I like to give you a very warm welcome again, to Awareness That Heals where we’re doing our best to bring heart and wisdom to our life challenges. Today, we’re going to continue to delve more deeply into wisdom-guidance. And as we’ve mentioned in prior episodes, this is not something that almost any of us have been taught, how to access this, whether at home, school, our religion, spiritual practices that we have, it requires individual contemplation and inquiry as a lifestyle to deepen its potential. And it’s not because we should do this, but it’s because it gives us at least a chance to really glimpse that the world around us isn’t necessarily what we want to emulate. I hope as you’re hearing that, that brings a slight smile to you. We need to think and be guided by our own intelligence, our sensitivity and caring. Our inquisitive nature can guide us to our best life and our best self. So, I’d like to start by introducing Dave, who is my partner at the Global Bridge Foundation and my dear dear friend.
As always, um, I’m looking forward to going deeper into this particular subject and, and, uh, really appreciate the passion you bring to each one of these episodes. And I don’t comment on that often enough, uh, but knowing you as long as I have, uh, I just want to reflect back to you, uh, the passion you’re expressing and the passion I know you feel for all these decades.
Robert Strock: (03:03)
Thank you so much for that. So, we may start off by a contemplation where you ask yourself what’s the most common feeling or situation where you could use wisdom-guidance. And as always, when you’re asking a question about how you access either inquiry or wisdom-guidance, you need to start with the most challenging feeling or situation that you’re facing in your life today, or you’re anticipating is going to be coming in the very near future. And what would you say, maybe what would you do and what tone would you use in this challenging situation that would most inspire or support or connect you in a way that you most want to be? So, really identify, uh, challenging feeling that’s recurring maybe to do with illness. And something is very difficult to then lead you to a tone that isn’t ideal, or it may be your relationship, maybe your sex life, maybe your relationship to success, or wealth or money, maybe your relationship to compassion and how lacking you might feel, but whatever it is, let it be yours and drop into that.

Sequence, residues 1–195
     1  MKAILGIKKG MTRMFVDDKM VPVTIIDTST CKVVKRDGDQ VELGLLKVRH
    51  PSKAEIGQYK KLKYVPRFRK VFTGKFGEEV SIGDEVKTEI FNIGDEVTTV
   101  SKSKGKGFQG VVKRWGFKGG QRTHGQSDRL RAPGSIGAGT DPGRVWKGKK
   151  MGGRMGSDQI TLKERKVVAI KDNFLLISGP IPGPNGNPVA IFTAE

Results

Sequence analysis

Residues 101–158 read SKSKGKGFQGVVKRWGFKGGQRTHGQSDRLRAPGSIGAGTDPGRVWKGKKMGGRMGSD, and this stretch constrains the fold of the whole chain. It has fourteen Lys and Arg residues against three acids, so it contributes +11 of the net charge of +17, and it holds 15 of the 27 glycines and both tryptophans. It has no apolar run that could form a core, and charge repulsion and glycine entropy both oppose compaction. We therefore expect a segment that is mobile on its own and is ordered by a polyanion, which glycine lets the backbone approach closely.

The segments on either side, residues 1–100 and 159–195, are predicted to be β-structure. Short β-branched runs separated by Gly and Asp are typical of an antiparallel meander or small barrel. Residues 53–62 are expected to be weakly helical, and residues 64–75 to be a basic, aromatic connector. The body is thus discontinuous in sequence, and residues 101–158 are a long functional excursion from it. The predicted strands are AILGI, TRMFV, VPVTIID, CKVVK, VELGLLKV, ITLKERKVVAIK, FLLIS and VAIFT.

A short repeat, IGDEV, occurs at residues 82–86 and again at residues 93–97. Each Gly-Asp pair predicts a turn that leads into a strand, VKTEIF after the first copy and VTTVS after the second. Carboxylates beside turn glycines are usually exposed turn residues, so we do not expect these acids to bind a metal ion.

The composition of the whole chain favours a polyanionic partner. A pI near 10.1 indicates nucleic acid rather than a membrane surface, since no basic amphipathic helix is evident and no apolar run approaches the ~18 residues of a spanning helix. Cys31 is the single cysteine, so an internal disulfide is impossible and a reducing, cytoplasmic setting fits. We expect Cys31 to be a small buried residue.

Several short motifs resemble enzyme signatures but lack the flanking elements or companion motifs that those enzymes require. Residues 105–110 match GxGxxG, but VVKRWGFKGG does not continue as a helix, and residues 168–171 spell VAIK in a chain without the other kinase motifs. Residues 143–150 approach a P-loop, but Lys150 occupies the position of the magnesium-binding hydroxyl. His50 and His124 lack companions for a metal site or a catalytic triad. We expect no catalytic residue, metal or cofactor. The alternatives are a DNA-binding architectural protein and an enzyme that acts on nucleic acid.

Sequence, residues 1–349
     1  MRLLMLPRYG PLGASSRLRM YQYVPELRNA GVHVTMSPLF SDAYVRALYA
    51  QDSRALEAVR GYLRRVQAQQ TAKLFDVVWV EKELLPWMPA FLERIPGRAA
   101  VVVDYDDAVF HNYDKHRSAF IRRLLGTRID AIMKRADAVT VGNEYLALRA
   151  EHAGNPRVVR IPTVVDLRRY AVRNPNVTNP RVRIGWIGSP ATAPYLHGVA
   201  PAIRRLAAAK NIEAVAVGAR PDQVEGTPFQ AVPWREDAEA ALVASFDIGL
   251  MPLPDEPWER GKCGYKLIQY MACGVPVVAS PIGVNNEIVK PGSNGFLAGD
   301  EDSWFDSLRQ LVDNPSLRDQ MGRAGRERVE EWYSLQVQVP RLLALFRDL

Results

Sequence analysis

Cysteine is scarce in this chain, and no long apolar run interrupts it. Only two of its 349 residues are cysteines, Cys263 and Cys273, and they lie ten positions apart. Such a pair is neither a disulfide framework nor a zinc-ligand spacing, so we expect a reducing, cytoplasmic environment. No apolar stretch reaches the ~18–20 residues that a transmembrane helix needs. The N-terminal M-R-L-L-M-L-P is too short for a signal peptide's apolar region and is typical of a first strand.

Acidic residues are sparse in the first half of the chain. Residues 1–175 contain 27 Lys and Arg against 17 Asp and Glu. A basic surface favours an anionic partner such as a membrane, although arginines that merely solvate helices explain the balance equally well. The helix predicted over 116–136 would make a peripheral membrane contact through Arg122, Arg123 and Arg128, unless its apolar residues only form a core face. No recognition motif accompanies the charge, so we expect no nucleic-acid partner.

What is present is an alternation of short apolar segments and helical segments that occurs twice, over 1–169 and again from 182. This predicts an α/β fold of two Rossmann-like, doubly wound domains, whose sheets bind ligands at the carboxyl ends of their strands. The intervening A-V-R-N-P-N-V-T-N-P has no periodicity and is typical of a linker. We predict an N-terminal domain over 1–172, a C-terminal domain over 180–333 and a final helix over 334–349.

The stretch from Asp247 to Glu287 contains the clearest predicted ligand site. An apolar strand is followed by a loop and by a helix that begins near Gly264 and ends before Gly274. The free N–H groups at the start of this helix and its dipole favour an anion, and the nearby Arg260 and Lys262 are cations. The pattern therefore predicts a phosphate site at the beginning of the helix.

Robert Strock: (04:43)
Ah, yes, this is where I’m emotionally challenged. And yes, this is a situation where it challenges me and then you’re looking at would be the question I’d want to ask myself, which would be something like, how can I best take care of myself and perhaps others while I’m in this situation while I’m having these feelings, recognizing that, just asking that question is literally a life-changer, especially if you take it to heart. And also even more so, or really it brings it to the depth of significance when you listen for the guidance that you’re giving yourself, and you’re motivated to implement it.
Again, I want to ask you, uh, to amplify this and really what I’m relating to is as a listener, hearing words, just hearing words and how to really hear the passion and, and the, and really the experience you have in the meaning of the words you’re saying and how it’s impacted the people throughout your life, because it’s not just words.
Robert Strock: (06:13)
Well, thank you for that encouragement. I really appreciate it. So, one way of saying it is the way we’ve been raised is in general, almost idiotic, we’ve been raised in a culture where, what matters is success, living a nice lifestyle, looking pretty or handsome, having some power, getting to go on good vacations, living in a nice house and our quality of life doesn’t really matter that much. We weren’t taught quality of life mattered. Now, if that isn’t a verge of insanity, what is? And so, these words, as you’re saying, are really designed to have a seismic shift in what matters. We were taught these other goals are the dream that we’re, we’re supposed to be pursuing, but this is a dream that is asking us to go inside and ask ourselves what really matters. Doesn’t it matter whether I find a smarter, wiser, intelligent place inside me?